Environmental News for a Healthier Planet and Life

Orca Mother Who Carried Dead Calf 17 Days Is Pregnant Again

Orca Mother Who Carried Dead Calf 17 Days Is Pregnant Again
Tahlequah, the southern resident killer whale who carried her dead calf for 17 days and more than 1,000 miles, is pregnant again. CBC News: The National / YouTube

Tahlequah, the southern resident killer whale who broke hearts around the world when she carried her dead calf for 17 days and more than 1,000 miles, is pregnant again.

Tahlequah's grueling journey called attention to the plight of the endangered orcas who roam the waters between Washington state and British Columbia. The animals are threatened by boat traffic, pollution and the decline in their food staple chinook salmon.

"There are stressed whales out there, critically stressed," Holly Fearnbach, marine mammal research director for the nonprofit SR3, told The Associated Press.

Fearnbach discovered Tahlequah, or J-35's, pregnancy while recording drone images of the southern resident killer whales with Southall Environmental Associates senior scientist John Durban, The Seattle Times reported.

The purpose of the drone photographs was to track the orcas' overall condition and nutrition over time in a non-invasive manner, SR3 explained. (The drone flies more than 100 feet above the whales, according to The Seattle Times.) But comparing the photographs revealed several pregnancies in J, K and L pods.

Orca pregnancies are common, but successful births are far less so. Two thirds of them are typically lost, Center for Conservation Biology at the University of Washington researcher Sam Wasser has found. This is mostly due to poor nutrition linked to a decline in salmon.

When Tahlequah gave birth two years ago, it was the first birth for southern residents in three years. Since then, two other calves have been born to the orcas, and both are still alive. However, the population as a whole is down to just 73 whales, according to a Center for Whale Research population census.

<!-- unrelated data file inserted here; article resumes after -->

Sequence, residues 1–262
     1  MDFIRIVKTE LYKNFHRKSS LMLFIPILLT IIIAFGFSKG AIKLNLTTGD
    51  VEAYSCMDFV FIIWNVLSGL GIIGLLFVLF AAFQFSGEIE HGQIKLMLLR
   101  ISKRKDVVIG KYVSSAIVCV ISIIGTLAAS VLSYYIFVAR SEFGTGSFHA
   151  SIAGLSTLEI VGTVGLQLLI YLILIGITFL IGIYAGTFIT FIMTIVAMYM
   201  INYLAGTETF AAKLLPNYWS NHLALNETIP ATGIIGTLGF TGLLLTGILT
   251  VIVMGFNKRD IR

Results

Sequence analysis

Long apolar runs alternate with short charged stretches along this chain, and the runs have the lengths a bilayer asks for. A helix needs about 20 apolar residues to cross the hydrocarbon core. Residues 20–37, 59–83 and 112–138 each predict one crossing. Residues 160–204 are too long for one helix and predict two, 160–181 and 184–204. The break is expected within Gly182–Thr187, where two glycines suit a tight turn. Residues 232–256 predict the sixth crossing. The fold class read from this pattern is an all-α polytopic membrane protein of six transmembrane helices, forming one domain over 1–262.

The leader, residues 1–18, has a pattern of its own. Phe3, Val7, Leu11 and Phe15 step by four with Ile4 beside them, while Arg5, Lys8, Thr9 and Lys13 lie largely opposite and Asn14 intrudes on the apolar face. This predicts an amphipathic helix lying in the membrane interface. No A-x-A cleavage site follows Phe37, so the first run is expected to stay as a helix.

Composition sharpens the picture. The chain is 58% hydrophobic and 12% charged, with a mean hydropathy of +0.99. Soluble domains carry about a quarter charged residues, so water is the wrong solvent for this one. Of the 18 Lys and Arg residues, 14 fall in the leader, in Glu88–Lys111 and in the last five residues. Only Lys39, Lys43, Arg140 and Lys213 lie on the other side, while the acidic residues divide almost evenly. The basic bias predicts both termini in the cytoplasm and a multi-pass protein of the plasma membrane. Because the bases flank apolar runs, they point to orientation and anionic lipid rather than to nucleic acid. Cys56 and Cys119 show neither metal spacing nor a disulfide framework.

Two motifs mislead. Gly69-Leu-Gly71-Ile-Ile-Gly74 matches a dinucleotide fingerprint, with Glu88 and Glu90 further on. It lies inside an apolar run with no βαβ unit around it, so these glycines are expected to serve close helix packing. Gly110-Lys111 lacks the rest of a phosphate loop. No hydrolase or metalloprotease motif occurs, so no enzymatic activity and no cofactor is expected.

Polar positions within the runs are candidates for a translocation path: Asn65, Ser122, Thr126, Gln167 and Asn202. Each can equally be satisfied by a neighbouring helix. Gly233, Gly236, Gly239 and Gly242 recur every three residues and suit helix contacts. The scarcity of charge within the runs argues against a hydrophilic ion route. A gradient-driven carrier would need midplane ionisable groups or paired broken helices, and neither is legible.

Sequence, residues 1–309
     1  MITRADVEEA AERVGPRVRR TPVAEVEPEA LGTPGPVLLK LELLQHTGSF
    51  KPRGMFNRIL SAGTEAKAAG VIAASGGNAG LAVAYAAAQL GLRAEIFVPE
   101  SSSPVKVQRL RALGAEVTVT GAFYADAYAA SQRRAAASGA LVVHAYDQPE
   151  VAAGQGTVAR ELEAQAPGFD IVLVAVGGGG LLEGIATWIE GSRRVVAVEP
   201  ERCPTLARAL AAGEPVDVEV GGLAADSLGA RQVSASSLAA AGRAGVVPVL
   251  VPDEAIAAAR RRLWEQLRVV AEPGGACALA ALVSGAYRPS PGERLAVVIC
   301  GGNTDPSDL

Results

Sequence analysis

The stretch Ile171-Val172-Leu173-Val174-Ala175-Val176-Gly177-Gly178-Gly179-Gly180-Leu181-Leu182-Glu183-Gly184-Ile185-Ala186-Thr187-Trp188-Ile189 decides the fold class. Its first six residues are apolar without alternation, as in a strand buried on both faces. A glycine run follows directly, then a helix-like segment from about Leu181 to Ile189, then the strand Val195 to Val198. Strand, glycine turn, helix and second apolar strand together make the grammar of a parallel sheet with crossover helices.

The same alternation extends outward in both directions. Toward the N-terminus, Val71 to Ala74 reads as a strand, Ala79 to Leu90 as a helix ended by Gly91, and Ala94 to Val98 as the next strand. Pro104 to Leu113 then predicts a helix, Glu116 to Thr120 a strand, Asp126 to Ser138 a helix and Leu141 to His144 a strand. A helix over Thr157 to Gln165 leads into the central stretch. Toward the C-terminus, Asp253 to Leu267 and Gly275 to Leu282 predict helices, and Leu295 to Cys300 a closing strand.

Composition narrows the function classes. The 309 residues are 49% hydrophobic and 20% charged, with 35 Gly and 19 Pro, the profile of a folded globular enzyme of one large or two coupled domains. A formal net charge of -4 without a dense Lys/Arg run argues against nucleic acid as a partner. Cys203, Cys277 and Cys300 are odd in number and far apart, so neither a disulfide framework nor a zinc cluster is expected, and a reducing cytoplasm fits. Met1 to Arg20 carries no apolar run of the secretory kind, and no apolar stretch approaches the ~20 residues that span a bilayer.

"With such a small population ... every successful birth is hugely important for recovery," SR3 wrote.

Fearnbach and Durban told The Seattle Times that boaters could help the pregnant whales by giving them space and quiet to feed.

This is important for two reasons. First, orcas tend to return to the same hunting grounds, but many of their traditional spots are seeing a lot of traffic from boats, fishermen and commercial ships.

"Just like human [fishermen] that don't just go drop a hook in the ocean," Durban told The Seattle Times. "They have their favorite places. They are amazing societies that pass culture down from generation to generation. They are creatures of habit."

Second, whales hunt using sound, which is why boat noises are such a big threat.

"[W]e hope folks on the water can give the Southern Residents plenty of space to forage at this important time," SR3 wrote.

The pregnant whales aren't the only ones in need of support right now. Fearnbach told The Associated Press that several juvenile whales appeared skinny.

A seagull flies in front of the Rampion offshore wind farm in the United Kingdom. Neil / CC BY 2.0

By Tara Lohan

A key part of the United States' clean energy transition has started to take shape, but you may need to squint to see it. About 2,000 wind turbines could be built far offshore, in federal waters off the Atlantic Coast, in the next 10 years. And more are expected.

Read More Show Less

EcoWatch Daily Newsletter

By Frank La Sorte and Kyle Horton

Millions of birds travel between their breeding and wintering grounds during spring and autumn migration, creating one of the greatest spectacles of the natural world. These journeys often span incredible distances. For example, the Blackpoll warbler, which weighs less than half an ounce, may travel up to 1,500 miles between its nesting grounds in Canada and its wintering grounds in the Caribbean and South America.

Read More Show Less


Kevin Maillefer / Unsplash

By Lynne Peeples

Editor's note: This story is part of a nine-month investigation of drinking water contamination across the U.S. The series is supported by funding from the Park Foundation and Water Foundation. Read the launch story, "Thirsting for Solutions," here.

In late September 2020, officials in Wrangell, Alaska, warned residents who were elderly, pregnant or had health problems to avoid drinking the city's tap water — unless they could filter it on their own.

Read More Show Less
Eat Just's cell-based chicken nugget is now served at Singapore restaurant 1880. Eat Just, Inc.

At a time of impending global food scarcity, cell-based meats and seafood have been heralded as the future of food.

Read More Show Less
New Zealand sea lions are an endangered species and one of the rarest species of sea lions in the world. Art Wolfe / Photodisc / Getty Images

One city in New Zealand knows what its priorities are.

Dunedin, the second largest city on New Zealand's South Island, has closed a popular road to protect a mother sea lion and her pup, The Guardian reported.

Read More Show Less